Millions of people make a good living from work they aren't passionate about. Being a broke starving artist is only cool in movies. It sucks not having money, trust me!
Jack Cowin is a billionaire Australian entrepreneur who created the Hungry Jacks fast food chain in 1969 after seeing how successful the growing fast. Cowin had a famous quote which I love:
"I've never had an original idea in my life."
By all means, make a passion project in your spare time. But if you want to make money, passion shouldn't be your priority. You need something customers will pay money for. This theme is explored in a book I love, So Good They Can't Ignore You by Cal Newport.
Having more money will improve your life a lot
You always want to have options. Don't fall for the lie popular in Western society that money is a bad thing. Being poor is inherently stressful and stress lowers your life expectancy.
Money means you can live in a safer neighbourhood, join your friends on a trip, help out your friends and family financially and help you retire earlier and in more comfort.
In March on a whim I went to Lisbon for a few days to see friends from the Indie London community. I had an awesome time hanging out with fellow founders and obviously, I couldn't have a week's holiday without having disposable income.
Please ignore people who are pessimistic or cynical
If anyone doesn't support your vision, just shut them out. You wouldn't try to quit smoking while hanging out with smokers. Some people won't want you to succeed, unfortunately. Lots of narcissists see another person's success as their failure so will try to discourage you.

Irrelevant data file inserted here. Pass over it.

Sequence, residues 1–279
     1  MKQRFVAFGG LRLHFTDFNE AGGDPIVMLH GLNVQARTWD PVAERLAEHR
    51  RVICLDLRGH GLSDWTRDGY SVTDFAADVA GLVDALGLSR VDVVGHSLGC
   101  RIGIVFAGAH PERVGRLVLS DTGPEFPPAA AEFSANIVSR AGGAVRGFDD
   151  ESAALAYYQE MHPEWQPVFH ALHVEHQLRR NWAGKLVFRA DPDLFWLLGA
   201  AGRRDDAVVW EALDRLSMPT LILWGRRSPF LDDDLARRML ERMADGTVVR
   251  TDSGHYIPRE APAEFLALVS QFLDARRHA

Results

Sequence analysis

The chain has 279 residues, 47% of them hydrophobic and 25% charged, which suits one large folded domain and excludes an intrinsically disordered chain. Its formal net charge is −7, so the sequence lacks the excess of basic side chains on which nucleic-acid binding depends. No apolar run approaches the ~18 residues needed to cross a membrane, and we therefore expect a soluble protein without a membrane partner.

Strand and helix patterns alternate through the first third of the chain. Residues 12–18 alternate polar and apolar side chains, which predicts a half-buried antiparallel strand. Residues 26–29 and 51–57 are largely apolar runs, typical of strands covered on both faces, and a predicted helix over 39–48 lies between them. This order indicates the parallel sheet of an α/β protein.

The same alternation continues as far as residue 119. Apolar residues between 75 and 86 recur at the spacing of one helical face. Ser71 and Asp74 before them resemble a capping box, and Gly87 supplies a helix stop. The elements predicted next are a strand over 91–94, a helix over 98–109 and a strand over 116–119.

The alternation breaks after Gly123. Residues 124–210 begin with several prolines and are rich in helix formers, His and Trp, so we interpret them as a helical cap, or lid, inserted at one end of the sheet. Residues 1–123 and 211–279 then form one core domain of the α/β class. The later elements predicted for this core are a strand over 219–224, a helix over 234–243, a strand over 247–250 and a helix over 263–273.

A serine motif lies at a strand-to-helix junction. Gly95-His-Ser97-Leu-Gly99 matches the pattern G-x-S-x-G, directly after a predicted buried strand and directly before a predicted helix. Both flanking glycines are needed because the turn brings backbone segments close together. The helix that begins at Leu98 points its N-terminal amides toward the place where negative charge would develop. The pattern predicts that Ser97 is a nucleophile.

Also, if you're in certain places like Europe, lots of people who are happy to be "average" don't like people who are more ambitious. Search for "tall poppy syndrome" to see what I mean.
Hang out in communities for founders
Entrepreneurship is very hard going so don't try to do it alone. Being in a community, whether it's private or just posting on Twitter, means you can get advice from more experienced founders, let off steam and share your wins. A lot of your friends and family probably won't be excited about you getting your first MRR.
They say you're the average of the six people you spend the most time with. So if you hang out with other founders, you can soak up lots of their enthusiasm, spirit and advice.
It will also make your journey way more fun if you are spending time with other founders. I run a community for entrepreneurs who are making revenue. We have a Telegram chat group and talk every Thursday on Zoom. It's like having after-work drinks in a bar, but it's online. Also, once a month we have a guest founder who does an AMA and High Signal members can ask them questions directly.
Don't listen to endless podcasts or read endless blog posts.
You gotta just ship! Yes, blog posts like this and podcasts are good but make sure they aren't taking up more than 10% of your time. Bingeing podcast episodes about entrepreneurship might feel like work but you need to actually make something. So by all means, listen to shows and read newsletters but that should be a small amount of your week.
Don't compare yourself to other entrepreneurs
I am a huge fan of the book "The Courage to be Disliked". One of its themes is that if you compare yourself to others they will become your competition and then your enemies. If you compare yourself to your entrepreneur friends, you'll want them to fail so you look or feel better.
Obviously, that's an utterly joyless way to live! I have many friends who make over a million dollars a year and I am happy when they succeed! Their win is not my loss. Everyone has different drives, circumstances and ambitions so don't compare yourself to other founders.
I hope you found this useful!
The Twitter thread that inspired this article did really well:
If you want tweets that bang, I do ghost twitter writing for founders and companies.
I can save you time, boost your followers, improve your tweets and make Twitter more fun for you :)
I'm taking on new clients at the end of October.